One of the best things we can do as gardeners is pass along our love of gardening to our children. When I was a kid, my mom would let me and my two brothers each pick a corner of the garden to plant cucumbers. As the season went along, we’d watch excitedly as our cucumbers grew and jump at the chance to harvest them (it was also a bit of competition between us siblings to see whose plants grew the most cucumbers 😉).Now that I’m grown and have my own kids “helping” me in the garden, I thought I’d share some tips that I’ve learned along the way.

Patience: Cultivate Patience in the Garden

My kids having a great time climbing soil bags when I was setting up the garden.
My kids having a great time climbing soil bags when I was setting up the garden.

Gardening with kids requires an abundance of patience. As any parent knows, tasks that seem simple and quick can often take twice as long when children are involved. It’s important to set realistic expectations and remember that gardening with kids is about having fun, not just the end result. Embrace the slower pace, and like our gardening shirts say, “Romaine Calm, Lettuce Carrot On”.

Select Kid-Friendly Seeds

My son sowing pea seeds in the garden.
My son sowing pea seeds in the garden.

Kids love getting their hands dirty and sowing seeds. To make it easier for them, choose seeds that are large and easy to handle. Peas, beans, and seeds from the squash family are perfect choices. Their size and shape make them convenient for little fingers to hold and place in the soil, increasing the chances of successful planting.

We learned this lesson the hard way this year; first we planted peas which went super well. I dug a trough for the seeds and my son was able to plant them every couple inches and they grew super well! However, next to the peas we planted carrots, and nearly a hundred seeds ended up in the same spot.

A large clump of carrot seedlings that my kids planted.
A large clump of carrot seedlings that my kids planted. Needless to say, we’ve got lots of tiny baby carrots this year 😅.

Designate a Digging Spot

One of the designated digging spots in my garden.
One of the designated digging spots in my garden. Half of a 4x8 raised bed is more than enough space for most kids.

Kids love digging in the dirt, but that can sometimes pose a challenge in the garden. They might accidentally dig up your carefully planted seeds or seedlings. Rather than fight their natural digging nature, create a designated digging spot just for the kids. This can be a small section within the garden or even a separate container filled with loose soil. Now, they can dig to their heart’s content without worrying about affecting the main vegetable plots.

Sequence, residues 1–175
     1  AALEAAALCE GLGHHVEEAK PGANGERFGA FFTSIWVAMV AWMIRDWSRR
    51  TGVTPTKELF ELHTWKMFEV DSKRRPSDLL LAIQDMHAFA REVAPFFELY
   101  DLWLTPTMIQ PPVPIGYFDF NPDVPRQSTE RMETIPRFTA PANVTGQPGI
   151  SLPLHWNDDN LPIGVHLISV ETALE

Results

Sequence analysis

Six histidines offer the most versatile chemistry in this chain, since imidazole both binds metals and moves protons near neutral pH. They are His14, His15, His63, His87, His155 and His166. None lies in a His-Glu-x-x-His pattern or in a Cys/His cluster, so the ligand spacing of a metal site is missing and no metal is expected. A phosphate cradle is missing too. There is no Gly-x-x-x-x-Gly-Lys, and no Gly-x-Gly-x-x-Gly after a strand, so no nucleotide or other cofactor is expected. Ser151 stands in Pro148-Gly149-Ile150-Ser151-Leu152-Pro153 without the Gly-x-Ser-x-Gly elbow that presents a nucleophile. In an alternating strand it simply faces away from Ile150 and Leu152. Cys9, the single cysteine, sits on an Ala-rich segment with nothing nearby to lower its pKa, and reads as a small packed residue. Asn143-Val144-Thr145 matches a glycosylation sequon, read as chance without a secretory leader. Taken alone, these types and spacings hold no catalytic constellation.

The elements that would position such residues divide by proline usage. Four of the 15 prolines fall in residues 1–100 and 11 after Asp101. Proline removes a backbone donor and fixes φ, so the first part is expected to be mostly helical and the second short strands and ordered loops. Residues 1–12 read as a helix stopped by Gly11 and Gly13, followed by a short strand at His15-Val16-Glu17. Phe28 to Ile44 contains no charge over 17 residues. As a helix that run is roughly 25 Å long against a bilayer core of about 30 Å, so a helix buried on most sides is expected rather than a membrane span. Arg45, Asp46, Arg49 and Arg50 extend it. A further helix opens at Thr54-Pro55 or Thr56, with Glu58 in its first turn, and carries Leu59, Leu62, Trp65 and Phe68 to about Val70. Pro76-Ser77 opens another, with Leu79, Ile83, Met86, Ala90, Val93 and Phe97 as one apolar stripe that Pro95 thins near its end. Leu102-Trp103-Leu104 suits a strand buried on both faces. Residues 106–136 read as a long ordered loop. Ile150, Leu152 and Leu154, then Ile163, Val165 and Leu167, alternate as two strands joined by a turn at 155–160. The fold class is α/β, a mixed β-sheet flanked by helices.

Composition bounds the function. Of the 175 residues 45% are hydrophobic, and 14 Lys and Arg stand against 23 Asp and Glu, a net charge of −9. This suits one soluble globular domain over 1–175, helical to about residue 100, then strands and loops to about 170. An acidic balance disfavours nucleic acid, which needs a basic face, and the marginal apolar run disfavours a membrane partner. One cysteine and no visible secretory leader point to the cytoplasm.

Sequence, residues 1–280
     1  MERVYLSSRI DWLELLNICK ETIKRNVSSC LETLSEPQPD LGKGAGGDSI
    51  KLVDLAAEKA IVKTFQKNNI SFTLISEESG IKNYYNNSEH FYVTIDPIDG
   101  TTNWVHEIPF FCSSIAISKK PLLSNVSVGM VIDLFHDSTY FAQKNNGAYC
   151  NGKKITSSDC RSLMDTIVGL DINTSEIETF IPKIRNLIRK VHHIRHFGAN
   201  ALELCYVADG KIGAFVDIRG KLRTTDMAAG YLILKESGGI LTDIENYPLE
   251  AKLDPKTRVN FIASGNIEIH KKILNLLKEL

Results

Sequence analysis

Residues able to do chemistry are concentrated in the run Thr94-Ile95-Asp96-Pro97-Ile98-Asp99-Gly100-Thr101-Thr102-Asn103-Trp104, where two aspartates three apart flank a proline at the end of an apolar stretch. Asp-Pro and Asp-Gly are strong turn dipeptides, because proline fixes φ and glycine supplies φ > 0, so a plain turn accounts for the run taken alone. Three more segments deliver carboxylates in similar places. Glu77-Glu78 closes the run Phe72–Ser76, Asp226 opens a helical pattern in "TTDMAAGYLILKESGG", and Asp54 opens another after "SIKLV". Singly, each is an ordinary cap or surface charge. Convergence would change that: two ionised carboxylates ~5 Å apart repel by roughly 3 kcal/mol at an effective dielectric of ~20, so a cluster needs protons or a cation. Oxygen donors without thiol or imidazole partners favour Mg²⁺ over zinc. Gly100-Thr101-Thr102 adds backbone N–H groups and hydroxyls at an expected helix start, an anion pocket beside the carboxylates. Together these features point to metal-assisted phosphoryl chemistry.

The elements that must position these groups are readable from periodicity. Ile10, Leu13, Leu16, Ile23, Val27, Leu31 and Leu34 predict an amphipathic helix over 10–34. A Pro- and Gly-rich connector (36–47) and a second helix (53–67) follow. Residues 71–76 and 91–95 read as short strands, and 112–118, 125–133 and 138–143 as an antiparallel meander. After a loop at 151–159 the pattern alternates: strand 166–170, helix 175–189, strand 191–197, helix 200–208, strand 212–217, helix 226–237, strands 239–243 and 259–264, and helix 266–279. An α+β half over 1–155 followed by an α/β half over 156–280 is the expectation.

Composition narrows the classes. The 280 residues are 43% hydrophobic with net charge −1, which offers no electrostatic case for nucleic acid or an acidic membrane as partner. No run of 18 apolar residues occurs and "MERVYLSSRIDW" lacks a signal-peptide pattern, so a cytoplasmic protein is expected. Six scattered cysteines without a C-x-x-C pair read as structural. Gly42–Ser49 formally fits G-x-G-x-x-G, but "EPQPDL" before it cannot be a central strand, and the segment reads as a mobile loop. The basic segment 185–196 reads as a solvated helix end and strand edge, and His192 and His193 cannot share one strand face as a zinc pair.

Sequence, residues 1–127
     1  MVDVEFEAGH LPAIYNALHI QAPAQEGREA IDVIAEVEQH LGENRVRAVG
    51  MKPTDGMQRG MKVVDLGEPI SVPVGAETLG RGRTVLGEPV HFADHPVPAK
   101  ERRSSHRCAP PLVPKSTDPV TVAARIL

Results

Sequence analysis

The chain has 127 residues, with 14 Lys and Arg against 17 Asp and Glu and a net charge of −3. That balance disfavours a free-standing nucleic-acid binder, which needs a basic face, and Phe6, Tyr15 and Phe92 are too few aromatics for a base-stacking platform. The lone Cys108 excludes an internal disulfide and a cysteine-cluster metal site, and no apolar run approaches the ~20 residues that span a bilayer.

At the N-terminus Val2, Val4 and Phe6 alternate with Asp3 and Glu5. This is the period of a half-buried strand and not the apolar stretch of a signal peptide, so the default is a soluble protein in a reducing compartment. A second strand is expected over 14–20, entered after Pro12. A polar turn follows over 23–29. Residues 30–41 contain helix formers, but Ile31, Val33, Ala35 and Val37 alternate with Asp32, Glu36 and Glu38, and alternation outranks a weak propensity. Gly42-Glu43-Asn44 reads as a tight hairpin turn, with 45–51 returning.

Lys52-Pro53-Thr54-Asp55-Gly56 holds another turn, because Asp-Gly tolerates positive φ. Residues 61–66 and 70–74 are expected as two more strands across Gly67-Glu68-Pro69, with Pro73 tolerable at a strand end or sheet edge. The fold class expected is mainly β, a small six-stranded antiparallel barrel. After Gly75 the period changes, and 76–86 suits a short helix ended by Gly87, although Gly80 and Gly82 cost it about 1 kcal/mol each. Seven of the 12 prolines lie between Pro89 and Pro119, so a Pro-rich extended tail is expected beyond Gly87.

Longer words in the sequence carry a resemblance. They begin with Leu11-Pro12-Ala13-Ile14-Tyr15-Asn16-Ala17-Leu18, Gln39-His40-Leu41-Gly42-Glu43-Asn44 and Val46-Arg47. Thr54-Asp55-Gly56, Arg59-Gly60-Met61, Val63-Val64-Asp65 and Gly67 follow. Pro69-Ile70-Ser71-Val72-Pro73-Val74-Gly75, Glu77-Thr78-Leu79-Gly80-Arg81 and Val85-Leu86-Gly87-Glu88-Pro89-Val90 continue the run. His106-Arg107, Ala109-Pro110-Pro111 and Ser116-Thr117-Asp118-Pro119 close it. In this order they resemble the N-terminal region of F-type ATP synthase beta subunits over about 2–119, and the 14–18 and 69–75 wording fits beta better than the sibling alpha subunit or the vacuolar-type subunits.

Give Each Child Their Own Garden Space

When I was a kid, my brothers and I each had a corner of the garden where we were in charge of growing cucumbers. It was great to see the whole process from sowing seeds to harvesting cucumbers.

Kids love having a sense of ownership and responsibility. Give each kid their own little spot in the garden where they can grow what they like. Friend-of-the-app Ben Gardner of the Backyard Gardens podcast, does just that. This year he gave his son an entire garden bed to grow what he wanted, and he chose potatoes. This is a great way to let kids grow their independence and gain an appreciation for gardening.

Discover Garden Critters

Kids love bugs. Whether they’re poking rolly pollies or try to burn ants with a microscope, they’re all about the bugs. But us gardeners….not so much, especially the ones that munch on all of our plants. But we can teach them about beneficial insects like ladybugs, bees, and earthworms.

Celebrate Harvest Time

My son eating a carrot straight from the garden!
My son eating a carrot straight from the garden. He didn’t want to try carrots before that but now he loves them!

Harvesting is perhaps the most exciting part of gardening for kids (and adults!). Involve them in the process of picking ripe veggies. Encourage them to taste their freshly harvested produce (after a quick rinse, of course) and try out simple, kid-friendly recipes. This hands-on experience teaches them where their food comes and it might even help a picky kid try something new. 

And if your harvest is a bit too bountiful, involve your children in sharing the harvest with friends, family, neighbors, or your local food bank. It’ll be extra rewarding, especially after all of their help in the garden.

Garden Crafts and Projects

Here are a few craft ideas for the garden:

  1. Make plant markers using popsicle sticks or stones painted with the names or pictures of different plants.
  2. Create a scarecrow to protect corn at harvest time.
  3. Build a birdhouse.

Be Safe and Sun Smart

Gardening often involves being out in the heat and sun for extended periods. Make sure your kids are adequately protected by providing them with hats, sunscreen, and comfortable clothing. Encourage regular breaks in the shade to stay hydrated.

Wrapping it Up

Gardening with kids is a great way to get them outdoors and teach them where their food comes from. It’s also a great way to spend time together and create lasting memories. I hope these tips have been helpful, and that you and your little minions have a great time gardening together. Happy gardening!